Why The Size Of The Hole In Your Birdhouse Matters

Even if you are not a self-proclaimed birder hunting down rare examples and sharing photos on social media, you might still enjoy putting up a birdhouse or two to attract birds to your garden or yard. It's important, however, whether you're constructing a birdhouse or buying one pre-built, to get the hole size just right. When too small, the birds you want to attract won't be able to enter the house but insects like wasps and bees certainly can make a home there. Making the birdhouse hole too big, on the other, offers a spot for bullying birds to take up residence along with other unwanted pests and predators.

The danger with bullies like European starlings and house sparrows is that these non-native species can take over birdhouses, pushing out the inhabitants or, even worse, killing them. You can also end up with birds that aren't as pleasant to watch or provide a home for large snakes, pesky squirrels, and various rodents instead of your fine feathered friends if the hole in your birdhouse is the wrong size.

Ensuring the right size of a birdhouse hole

The key to knowing how big the hole in your birdhouse should be means figuring out the type of birds you want to reside there. That requires getting familiar with the various species that nest in your area in the spring or make a home there during the winter months. Many state parks and wildlife departments include this type of information on their websites so that's a good point of departure.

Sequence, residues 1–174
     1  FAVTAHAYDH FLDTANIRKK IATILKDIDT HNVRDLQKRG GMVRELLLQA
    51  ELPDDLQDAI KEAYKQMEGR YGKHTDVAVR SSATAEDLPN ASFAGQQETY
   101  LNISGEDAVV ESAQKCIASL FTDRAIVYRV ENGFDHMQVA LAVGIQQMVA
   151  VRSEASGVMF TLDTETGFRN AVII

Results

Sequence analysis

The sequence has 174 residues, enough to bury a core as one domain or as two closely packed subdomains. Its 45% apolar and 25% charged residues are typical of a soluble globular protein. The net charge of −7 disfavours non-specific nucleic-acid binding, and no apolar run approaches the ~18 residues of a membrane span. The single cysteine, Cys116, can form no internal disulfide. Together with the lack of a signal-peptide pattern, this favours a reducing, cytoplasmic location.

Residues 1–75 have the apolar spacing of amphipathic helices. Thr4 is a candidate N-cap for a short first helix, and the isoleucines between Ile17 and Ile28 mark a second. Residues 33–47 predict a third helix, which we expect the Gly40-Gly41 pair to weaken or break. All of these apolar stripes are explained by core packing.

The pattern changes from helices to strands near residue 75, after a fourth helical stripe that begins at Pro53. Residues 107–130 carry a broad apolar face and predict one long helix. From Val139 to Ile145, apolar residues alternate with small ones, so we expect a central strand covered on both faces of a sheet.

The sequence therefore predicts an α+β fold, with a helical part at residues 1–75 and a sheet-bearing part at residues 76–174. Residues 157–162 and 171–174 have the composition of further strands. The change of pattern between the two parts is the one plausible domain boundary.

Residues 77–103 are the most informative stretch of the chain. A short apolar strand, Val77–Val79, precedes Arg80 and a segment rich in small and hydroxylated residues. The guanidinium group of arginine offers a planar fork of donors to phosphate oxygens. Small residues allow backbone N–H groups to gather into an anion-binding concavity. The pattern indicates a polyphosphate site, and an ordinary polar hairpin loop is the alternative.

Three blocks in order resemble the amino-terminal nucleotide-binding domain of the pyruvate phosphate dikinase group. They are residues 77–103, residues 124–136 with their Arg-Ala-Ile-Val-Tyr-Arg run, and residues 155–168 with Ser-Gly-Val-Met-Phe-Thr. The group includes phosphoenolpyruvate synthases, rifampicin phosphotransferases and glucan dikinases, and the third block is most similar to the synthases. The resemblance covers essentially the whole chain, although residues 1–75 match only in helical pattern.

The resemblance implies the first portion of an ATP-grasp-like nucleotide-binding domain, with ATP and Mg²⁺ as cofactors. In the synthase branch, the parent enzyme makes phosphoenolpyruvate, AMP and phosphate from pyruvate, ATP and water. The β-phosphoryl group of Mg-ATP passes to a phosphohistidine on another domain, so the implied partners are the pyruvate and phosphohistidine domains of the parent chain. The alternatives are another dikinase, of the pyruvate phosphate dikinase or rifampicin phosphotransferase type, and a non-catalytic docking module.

The next step is consulting a chart to find the correct dimensions for the hole in your birdhouse. For instance, a tufted titmouse needs a hole measuring about 1 1/4 inches wide, while, a red-headed woodpecker requires a slightly larger birdhouse hole of 2 inches; this hole should also be about 6 to 11 inches above the birdhouse's floor. Yes, where a hole is placed and how far it is from the bottom of the birdhouse makes a difference as well. Take those aspects into consideration, along with the overall size of the birdhouse by consulting a size chart, if you are completing a do-it-yourself project.

Hole sizes in premade birdhouses

Not everyone's up for taking out the woodworking tools to construct a birdhouse. No worries; there are plenty of options for purchasing one ready-made. Many are specially constructed for certain bird types like purple martins or wrens, and this will be noted in online listings or on a label attached to the birdhouse. You'll know the hole sizes should be just right for those types of birds when purchasing one of these.

If you're buying a birdhouse at a craft fair or discount store, though, the type of bird it's supposed to accommodate may not be as clear. In the instance of some birdhouses, they're actually made for decorative purposes rather than providing a home for a nest or wintering birds. Be sure to measure the hole, as well as its placement and the overall size of the house, before making a purchase. Taking a little extra time to get the hole in your birdhouse just right will help you achieve your birding goals without creating an unwanted habitat for other critters that might frequent your yard.